Summary: Nurses may or may not be able to have tattoos based on the discretion of their employer. Review how grooming and appearance guidelines work.
Tags: Can nurses have tattoos, can I get fired for a tattoo, grooming and appearance guidelines, employee dress code.
Nurses can only have tattoos visible to the public based on employer's policies.
Jobs and tattoos depend solely on the employer and their written policies on appearance in the workplace. One establishment may overlook tattoos where another prohibits displaying them. In most cases, they simply need to be covered.
Can My Employer Fire Me for a Tattoo?
Employers are allowed to have grooming and appearance guidelines as long as they are fair and do not discriminate based on categories that are protected by the law such as age, gender, race, religion, disability, or national origin. The employer must implement a grooming and appearance policy with clearly stated standards as well as disciplinary actions for violators. So, if your employer has clearly prohibited visible tattoos and piercings, and you get one, you could be terminated. ("Grooming and Appearance Policy", fentonkeller.com)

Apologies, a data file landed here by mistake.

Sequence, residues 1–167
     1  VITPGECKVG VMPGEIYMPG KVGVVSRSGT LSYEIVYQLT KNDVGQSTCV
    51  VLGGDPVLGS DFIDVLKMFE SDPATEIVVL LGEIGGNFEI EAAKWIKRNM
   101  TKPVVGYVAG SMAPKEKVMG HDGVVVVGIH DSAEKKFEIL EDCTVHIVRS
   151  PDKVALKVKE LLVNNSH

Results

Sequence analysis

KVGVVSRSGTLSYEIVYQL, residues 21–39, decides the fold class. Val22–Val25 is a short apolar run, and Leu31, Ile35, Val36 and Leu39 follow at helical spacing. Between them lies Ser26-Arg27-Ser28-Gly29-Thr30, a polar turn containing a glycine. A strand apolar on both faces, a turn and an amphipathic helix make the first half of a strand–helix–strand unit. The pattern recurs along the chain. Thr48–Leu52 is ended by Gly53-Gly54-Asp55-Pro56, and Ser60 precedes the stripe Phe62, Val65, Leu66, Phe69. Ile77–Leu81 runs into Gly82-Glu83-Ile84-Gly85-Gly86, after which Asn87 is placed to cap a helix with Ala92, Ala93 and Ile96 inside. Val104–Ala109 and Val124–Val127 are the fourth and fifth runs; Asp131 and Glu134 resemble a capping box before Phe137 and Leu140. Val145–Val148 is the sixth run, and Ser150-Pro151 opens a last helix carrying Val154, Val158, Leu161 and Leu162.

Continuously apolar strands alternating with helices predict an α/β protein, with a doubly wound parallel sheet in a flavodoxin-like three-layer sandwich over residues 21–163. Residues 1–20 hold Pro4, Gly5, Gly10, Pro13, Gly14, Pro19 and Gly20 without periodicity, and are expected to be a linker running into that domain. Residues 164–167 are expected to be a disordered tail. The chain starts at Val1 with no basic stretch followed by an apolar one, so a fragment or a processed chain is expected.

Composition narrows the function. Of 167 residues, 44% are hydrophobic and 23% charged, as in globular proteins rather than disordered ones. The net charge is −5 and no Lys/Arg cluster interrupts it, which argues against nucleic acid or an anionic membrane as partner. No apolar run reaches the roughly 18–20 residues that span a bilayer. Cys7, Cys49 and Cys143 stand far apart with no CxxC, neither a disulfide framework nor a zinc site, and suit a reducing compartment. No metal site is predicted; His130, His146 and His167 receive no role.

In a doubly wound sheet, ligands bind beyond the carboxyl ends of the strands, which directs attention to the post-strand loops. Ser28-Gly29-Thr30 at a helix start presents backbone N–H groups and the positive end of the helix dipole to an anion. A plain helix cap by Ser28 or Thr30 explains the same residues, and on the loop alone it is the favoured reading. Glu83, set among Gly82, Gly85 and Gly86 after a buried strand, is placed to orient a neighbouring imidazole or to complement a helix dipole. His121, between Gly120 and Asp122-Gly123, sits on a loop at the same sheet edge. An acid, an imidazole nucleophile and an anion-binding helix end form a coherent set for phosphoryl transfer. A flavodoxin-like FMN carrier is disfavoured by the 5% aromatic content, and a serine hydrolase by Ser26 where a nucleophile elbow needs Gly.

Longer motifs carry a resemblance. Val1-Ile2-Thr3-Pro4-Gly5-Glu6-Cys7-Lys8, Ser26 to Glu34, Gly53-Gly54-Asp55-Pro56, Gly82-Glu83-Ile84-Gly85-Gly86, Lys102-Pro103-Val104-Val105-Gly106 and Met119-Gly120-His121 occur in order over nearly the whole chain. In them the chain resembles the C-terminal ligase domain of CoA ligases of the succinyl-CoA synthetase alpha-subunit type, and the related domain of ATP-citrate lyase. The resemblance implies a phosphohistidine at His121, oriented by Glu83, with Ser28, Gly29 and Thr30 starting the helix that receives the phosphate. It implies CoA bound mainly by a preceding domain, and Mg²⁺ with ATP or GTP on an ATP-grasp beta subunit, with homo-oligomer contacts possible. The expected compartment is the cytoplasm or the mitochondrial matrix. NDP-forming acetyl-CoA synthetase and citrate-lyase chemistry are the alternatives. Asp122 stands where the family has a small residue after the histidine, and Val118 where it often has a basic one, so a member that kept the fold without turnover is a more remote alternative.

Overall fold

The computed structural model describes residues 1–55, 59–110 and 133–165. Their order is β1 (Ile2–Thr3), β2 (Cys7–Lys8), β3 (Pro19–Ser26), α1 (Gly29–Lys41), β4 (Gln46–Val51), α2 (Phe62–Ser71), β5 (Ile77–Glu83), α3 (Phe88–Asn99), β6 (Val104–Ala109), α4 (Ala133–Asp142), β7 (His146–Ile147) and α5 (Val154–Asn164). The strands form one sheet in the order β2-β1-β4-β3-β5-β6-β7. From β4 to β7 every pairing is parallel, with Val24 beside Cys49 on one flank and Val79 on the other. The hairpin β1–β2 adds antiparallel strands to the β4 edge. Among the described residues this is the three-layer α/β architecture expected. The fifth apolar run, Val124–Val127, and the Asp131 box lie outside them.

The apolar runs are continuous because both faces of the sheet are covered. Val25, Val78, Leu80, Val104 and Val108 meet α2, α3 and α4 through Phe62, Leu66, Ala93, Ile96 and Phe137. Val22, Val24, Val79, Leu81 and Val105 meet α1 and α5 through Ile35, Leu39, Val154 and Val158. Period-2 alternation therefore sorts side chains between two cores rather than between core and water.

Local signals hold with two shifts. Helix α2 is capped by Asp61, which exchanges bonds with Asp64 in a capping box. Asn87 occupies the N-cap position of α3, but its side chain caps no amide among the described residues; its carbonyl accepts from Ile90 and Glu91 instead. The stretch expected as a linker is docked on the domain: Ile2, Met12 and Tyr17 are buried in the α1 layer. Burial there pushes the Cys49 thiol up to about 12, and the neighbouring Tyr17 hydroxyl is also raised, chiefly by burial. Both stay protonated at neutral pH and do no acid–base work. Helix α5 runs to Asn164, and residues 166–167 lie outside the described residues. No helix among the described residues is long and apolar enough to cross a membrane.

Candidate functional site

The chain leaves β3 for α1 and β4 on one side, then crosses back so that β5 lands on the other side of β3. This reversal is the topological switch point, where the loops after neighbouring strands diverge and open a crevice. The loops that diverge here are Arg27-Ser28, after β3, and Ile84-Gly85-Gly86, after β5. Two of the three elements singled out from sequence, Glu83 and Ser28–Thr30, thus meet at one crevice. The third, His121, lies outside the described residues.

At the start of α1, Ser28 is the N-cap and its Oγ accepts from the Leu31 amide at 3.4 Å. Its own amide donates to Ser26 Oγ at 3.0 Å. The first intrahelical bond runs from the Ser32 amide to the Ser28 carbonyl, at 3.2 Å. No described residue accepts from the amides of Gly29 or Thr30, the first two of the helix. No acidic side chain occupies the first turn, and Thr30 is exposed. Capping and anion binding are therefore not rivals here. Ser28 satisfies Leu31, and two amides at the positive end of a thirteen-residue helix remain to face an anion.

Why Does My Employer Care?
For many companies, their public image can financially make or break them. If a tattoo is visible to a company's clientele, they can arguably make a claim that it can potentially hurt the company's image or interfere with public relations. ("Can You Be Fired because of Your Tattoos?", Lawyers.com) So before you decide to don those scrubs and show off that new tattoo, be sure to review your employee handbook to fully understand what the company's policies are regarding tattoos and continued employment